Alex Smith, Mike Singletary and 0-5: When Will San Francisco 49ers Say Enough?

Samuel PowlessContributor IOctober 15, 2010

SAN FRANCISCO - OCTOBER 10:  Head coach Mike Singletary of the San Francisco 49ers talks with quarterback Alex Smith #11 against the Philadelphia Eagles during an NFL game at Candlestick Park on October 10, 2010 in San Francisco, California.  (Photo by Jed Jacobsohn/Getty Images)
Jed Jacobsohn/Getty Images

Let's get one thing out there right now:

I hail from the Great White North, and I am an avid 49ers fan. Every so often I'll post on message boards replying to columns saying this and that about my Niners, but rarely have I ever spent the time to truly pen down most of the thoughts I have towards the franchise.

Never having been to a pro game, all of my joy from football came from watching games every Sunday with my dad. This also meant that I rarely, if ever, got to see an entire 49ers season; that all changed this year when I moved out on my own and I paid out of my own pocket to get the channels to watch every 49ers game this season.

After such a horrendous waste of money thus far, I feel that it is my duty to vocalise exactly what every die-hard 49ers fan is feeling right now. So without further ado, here are the big questions we Faithful have:

Why has Brian Westbrook not played? Coming into the season I was pumped that Westbrook was coming to San Fran (living in Canada I did have access to plenty of Eagles games), and yet we've barely seen anything from him.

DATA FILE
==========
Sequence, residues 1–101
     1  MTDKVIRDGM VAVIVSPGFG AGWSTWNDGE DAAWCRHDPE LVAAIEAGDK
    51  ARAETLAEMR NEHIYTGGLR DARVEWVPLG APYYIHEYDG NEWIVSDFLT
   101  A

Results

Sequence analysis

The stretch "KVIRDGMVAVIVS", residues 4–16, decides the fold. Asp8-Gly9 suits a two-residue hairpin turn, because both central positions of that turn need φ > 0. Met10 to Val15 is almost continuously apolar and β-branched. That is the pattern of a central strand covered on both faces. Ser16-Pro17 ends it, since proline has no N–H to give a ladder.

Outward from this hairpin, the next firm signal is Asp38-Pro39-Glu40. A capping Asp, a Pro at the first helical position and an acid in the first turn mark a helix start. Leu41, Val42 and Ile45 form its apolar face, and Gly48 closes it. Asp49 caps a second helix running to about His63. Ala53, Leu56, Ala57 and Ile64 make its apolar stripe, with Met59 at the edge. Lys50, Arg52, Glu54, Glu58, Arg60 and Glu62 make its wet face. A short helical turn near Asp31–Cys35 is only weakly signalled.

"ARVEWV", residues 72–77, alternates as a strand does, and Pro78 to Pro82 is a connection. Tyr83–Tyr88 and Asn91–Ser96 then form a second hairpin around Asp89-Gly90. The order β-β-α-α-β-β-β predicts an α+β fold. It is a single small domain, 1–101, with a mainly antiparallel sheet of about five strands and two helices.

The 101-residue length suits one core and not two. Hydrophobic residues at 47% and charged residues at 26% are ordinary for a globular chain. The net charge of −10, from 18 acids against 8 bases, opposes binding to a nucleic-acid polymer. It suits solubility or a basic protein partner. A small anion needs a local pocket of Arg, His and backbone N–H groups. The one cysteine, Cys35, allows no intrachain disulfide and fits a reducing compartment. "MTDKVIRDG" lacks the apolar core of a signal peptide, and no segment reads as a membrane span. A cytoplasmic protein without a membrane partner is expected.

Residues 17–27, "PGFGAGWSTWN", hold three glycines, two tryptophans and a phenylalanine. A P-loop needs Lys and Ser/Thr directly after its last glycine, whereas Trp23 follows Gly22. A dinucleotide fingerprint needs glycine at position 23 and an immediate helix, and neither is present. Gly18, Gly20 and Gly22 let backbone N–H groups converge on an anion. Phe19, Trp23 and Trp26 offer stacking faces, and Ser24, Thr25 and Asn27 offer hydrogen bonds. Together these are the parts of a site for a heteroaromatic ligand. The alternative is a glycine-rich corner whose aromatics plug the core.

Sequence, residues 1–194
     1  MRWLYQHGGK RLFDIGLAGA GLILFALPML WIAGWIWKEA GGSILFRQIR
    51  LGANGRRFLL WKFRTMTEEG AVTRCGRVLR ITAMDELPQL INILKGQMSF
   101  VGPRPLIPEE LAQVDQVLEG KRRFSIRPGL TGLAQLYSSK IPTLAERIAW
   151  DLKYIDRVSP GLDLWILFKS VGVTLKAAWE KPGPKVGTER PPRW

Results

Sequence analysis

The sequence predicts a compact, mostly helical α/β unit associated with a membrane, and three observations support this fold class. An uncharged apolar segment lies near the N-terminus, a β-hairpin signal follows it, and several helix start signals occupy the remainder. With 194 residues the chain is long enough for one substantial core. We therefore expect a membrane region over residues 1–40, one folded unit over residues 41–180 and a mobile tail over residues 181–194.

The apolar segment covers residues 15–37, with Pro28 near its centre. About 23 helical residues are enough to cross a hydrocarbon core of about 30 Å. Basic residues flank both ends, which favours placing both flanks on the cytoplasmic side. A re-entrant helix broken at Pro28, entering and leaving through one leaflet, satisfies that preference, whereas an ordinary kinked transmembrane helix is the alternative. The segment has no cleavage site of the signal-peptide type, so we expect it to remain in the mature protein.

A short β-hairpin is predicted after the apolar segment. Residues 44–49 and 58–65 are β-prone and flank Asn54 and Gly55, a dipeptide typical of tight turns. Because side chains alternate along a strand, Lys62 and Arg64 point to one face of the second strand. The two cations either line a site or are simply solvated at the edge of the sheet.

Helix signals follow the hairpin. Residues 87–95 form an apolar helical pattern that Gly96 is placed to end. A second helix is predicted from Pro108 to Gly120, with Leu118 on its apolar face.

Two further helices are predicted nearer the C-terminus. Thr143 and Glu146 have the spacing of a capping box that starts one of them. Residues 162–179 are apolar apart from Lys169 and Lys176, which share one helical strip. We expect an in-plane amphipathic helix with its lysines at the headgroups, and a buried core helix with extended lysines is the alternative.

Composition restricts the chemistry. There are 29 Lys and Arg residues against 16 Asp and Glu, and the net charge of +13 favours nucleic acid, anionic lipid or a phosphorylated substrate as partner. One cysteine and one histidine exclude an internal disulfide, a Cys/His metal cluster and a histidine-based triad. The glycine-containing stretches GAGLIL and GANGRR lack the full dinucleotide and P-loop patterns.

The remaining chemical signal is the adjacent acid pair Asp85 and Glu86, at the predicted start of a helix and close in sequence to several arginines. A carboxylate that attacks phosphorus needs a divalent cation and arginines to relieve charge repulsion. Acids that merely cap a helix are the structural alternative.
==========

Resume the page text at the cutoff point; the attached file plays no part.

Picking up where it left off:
Sure, his numbers have been down in the past couple of years, but the 49ers don't need him as a full-time back, only a second stringer. Does it not make sense to give him more carries and let Gore rest on second or third downs (especially when Mike Johnson insists on calling running plays every first down?).

Conversely, why is Alex Smith still playing? Yes, the guy has the tools to be a decent quarterback, but nothing is going right for him. He hasn't won a game this season and while he has played admirably at points, he does more damage than he does good. I know most people out there feel Carr wouldn’t be any better, referring to Alex Smith-like career in Houston.

But the fact of the matter is, Carr has never really had the chance to throw to Vernon Davis, or Michael Crabtree, or Frank Gore; who knows, maybe he’ll find some chemistry with those receivers that Alex Smith just can’t. And even if he can’t, at least we’re watching someone new and we can have a little bit of hope, rather than having to make excuses for our starting quarterback every Sunday when he inevitably throws the game away.

But, if Singletary insists on not playing Westbrook and always playing Smith, why does he insist on his run-offence so much? Smith's stats favour a spread offence. Gore's stats favour a spread offence; heck, given the situation and personnel that the 49ers find themselves with, conventional wisdom favours the spread offence.

Einstein’s definition of insanity defines it as repeating the same action over and over and expecting different results each time. At this point it looks the 49ers have gone completely crazy.

In the end, however, there is only question that really matters: At what point do the 49ers make a change? Personally, I would have thought that an 0-4 start would mandate a change in any football team, but here we are at 0-5. This professional football team hasn’t won a game in over a month.

And it goes deeper than that—when the 49ers were down 28-6 to the Seahawks halfway through the third, why not change quarterbacks then? Or give Westbrook a few carries, see how he does? The same goes for being down 24-3 to the Chiefs, and that’s *after* they’d solved their “communication” problems. Sitting where they are, the 49ers have to make a change.

After all, if the team just keeps doing what they're doing, aiming for anything but an 0-16 season would be crazy.